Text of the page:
“Therefore, being always of good courage, and knowing that while we are at home in the body we are absent from the Lord.” (2 Corinthians 5:6–7)
In verses 6–8 Paul reached the pinnacle of heavenly anticipation. He looked forward to his new, glorified body, the perfection of heaven, and the eternal fulfillment of God’s plan. But beyond all of that was the wonderful reality that death would usher him into the presence of the Lord. Therefore points back to the foundational truths Paul expressed in verses 1–5. On the basis of those truths, Paul was always of good courage in the face of death. His courage was not a temporary feeling or a passing emotion; it was a constant state of mind. He faced death cheerfully, with complete confidence. It was not that he did not love the people in his life, but he loved the Lord more. Life for Paul was a race to finish, a battle to win, a stewardship to discharge. Once the race was over, the battle won, and the stewardship discharged, Paul saw no reason to cling to this life. The only reason for him to remain on earth was to serve God, and he stated his readiness to leave when that service was complete:
For I am already being poured out as a drink offering, and the time of my departure has come. I have fought the good fight, I have finished the course, I have kept the faith; in the future there is laid up for me the crown of righteousness, which the Lord, the righteous Judge, will award to me on that day; and not only to me, but also to all who have loved His appearing. (2 Tim. 4:6–8)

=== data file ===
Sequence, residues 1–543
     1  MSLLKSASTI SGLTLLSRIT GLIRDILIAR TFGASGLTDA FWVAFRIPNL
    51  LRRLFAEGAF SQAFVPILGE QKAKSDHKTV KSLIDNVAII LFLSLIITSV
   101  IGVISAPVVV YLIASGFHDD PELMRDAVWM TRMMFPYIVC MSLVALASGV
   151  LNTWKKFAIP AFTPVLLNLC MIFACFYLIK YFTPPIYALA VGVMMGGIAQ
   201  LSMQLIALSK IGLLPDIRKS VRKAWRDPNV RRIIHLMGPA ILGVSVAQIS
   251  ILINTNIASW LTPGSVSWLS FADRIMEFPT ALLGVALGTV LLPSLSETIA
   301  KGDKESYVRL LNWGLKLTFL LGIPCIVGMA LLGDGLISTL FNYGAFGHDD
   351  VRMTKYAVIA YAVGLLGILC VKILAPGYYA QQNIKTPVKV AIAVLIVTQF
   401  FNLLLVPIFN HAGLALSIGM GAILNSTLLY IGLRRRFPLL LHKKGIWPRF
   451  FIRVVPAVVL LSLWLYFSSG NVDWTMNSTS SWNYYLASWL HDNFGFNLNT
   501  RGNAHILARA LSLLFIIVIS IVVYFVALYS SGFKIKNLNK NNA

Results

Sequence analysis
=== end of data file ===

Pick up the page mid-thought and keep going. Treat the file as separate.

The reality of life in this world for believers, however, is that while we are at home in the body (living in the flesh)we are absent from the Lord. Believers communicate with the Lord through prayer and study of the Word and have communion with Him through the indwelling Holy Spirit. Yet there is still a sense in which they are separated from God and long for that separation to end. Psalm 42:1–2 expresses that desire: “As the deer pants for the water brooks, so my soul pants for You, O God. My soul thirsts for God, for the living God; when shall I come and appear before God?” “Whom have I in heaven but You?” the psalmist asked rhetorically. “And besides You, I desire nothing on earth” (Ps. 73:25). Paul longed for the day when he would “always be with the Lord” (1 Thess. 4:17). That sense of separation caused Abraham to look for “the city … whose architect and builder is God” (Heb. 11:10) and the Old Testament saints to acknowledge “that they were strangers and exiles on the earth” (Heb. 11:13). It is only in heaven that believers will have intimate, unbroken fellowship with God (?cf.? Rev. 21:3–4, 22–23; 22:3–4).